Last month I started a Low Power Design blog as a forum for engineers to exchange their experiences with battery-power and low-power design. Nearly all the information on the Internet about low-power design is hardware oriented yet firmware will often determine whether a product meets its power consumption or battery life goals. I worked on my first battery powered design in the mid 1990s and learned things then that I still haven't seen written about anywhere. It seems that information on low-power design is still considered proprietary instead of basic engineering so most engineers are left to figure it out on their own. However, as the operating and sleep currents of micros continue to fall, there are aspects of low-power design you will have to deal with whether your product is considered low-power or not.
The first two threads on the blog cover Micro Selection and Battery Selection. These may be the two single most important design decisions for a battery-powered product design and two areas that will require the most research. If you select a micro or battery technology that aren't a good match for the functionality of your product or the environment it operates, there is very little you can do to recover other than start over with your design.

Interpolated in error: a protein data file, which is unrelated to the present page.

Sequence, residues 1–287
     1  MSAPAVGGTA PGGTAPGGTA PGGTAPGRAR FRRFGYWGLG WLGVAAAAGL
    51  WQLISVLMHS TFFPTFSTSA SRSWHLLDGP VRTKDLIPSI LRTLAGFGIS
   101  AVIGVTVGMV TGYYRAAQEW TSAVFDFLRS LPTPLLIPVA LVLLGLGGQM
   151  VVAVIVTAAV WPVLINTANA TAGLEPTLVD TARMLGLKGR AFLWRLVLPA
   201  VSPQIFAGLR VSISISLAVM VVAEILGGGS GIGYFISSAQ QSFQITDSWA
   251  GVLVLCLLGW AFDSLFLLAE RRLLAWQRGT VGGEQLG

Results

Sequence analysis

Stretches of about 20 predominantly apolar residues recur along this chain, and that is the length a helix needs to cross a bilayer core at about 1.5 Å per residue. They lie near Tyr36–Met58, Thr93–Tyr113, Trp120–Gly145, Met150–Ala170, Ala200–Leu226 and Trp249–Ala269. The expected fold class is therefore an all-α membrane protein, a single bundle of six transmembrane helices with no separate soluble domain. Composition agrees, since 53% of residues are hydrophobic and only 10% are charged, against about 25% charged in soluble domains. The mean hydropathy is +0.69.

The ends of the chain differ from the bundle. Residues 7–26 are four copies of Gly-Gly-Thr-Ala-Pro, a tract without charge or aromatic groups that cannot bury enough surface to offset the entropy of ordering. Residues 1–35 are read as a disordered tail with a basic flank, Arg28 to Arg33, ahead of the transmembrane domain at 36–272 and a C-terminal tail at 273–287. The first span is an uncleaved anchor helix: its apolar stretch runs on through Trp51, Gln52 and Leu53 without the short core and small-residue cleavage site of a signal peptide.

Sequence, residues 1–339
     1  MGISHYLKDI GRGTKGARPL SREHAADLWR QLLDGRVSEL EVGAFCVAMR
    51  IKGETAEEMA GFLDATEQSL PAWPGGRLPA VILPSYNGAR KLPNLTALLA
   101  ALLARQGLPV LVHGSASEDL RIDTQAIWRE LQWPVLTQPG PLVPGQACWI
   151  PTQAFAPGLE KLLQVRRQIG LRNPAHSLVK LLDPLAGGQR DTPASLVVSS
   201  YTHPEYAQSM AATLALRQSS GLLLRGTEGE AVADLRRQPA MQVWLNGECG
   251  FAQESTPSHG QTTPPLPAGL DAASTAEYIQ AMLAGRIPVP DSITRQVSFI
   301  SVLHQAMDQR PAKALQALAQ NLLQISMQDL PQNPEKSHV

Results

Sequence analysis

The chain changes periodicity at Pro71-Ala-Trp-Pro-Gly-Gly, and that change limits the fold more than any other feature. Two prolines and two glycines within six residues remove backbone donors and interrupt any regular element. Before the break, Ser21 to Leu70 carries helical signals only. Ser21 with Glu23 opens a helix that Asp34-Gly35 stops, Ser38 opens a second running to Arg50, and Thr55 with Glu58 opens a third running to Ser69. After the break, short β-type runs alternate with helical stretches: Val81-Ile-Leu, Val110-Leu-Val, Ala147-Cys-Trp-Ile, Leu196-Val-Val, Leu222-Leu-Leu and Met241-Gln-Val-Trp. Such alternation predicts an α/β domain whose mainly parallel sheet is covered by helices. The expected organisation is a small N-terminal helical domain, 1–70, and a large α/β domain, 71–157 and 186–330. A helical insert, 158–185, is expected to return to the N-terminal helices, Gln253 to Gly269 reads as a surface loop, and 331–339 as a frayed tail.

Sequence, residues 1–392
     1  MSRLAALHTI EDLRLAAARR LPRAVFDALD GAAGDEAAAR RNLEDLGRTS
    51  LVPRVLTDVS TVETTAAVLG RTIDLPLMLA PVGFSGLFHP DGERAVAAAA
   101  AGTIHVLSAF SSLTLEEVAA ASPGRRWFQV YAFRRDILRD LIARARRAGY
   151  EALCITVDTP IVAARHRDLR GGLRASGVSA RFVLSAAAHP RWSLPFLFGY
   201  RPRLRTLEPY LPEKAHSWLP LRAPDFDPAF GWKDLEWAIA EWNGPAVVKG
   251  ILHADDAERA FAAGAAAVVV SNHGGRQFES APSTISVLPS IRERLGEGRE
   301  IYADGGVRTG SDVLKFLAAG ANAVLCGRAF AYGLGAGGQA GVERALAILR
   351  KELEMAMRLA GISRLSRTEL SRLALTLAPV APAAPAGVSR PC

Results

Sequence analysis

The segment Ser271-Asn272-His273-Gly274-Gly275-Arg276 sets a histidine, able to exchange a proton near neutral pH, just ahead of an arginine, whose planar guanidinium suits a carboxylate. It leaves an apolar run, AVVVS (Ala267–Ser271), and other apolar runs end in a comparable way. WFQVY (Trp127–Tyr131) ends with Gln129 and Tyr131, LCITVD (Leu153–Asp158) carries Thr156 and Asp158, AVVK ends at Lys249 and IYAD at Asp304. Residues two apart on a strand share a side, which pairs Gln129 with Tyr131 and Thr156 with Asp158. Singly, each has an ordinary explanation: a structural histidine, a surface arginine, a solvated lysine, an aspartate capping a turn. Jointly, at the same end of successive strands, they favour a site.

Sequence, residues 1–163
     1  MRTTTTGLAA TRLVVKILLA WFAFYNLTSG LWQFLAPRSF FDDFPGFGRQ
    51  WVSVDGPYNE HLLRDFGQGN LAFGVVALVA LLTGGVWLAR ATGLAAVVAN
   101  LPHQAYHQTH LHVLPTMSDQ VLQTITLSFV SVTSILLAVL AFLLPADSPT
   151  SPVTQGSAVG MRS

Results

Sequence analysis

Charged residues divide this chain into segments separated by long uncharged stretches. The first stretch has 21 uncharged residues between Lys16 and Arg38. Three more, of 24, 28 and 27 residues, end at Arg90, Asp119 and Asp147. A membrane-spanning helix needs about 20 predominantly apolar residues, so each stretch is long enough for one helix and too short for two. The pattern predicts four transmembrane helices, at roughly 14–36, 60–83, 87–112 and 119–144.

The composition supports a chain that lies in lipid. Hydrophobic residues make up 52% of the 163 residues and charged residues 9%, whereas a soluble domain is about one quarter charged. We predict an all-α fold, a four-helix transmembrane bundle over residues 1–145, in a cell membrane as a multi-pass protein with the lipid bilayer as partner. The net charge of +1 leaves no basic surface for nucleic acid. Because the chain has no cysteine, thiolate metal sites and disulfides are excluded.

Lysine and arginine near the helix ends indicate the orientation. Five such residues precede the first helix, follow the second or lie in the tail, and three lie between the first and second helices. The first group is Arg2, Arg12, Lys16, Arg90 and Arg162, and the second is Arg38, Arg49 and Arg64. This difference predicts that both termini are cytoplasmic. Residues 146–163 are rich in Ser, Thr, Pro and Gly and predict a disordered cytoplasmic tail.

It would be hard to argue that selecting the right micro is the most important factor in designing a low power product. Selecting the wrong micro is the most expensive mistake you can make in designing a low power product and the most difficult mistake to recover from. Unfortunately, there is no right micro for all low power designs.
There are a wide variety of battery technologies available today, ranging from the traditional lead-acid battery to the latest lithium polymer (LiPo) batteries. For the most part, your application will dictate the type of battery you use. In some cases you may have to decide between battery types when more than one would be suitable for you application.
Please check out the posts and lets open up the discussion about low power design.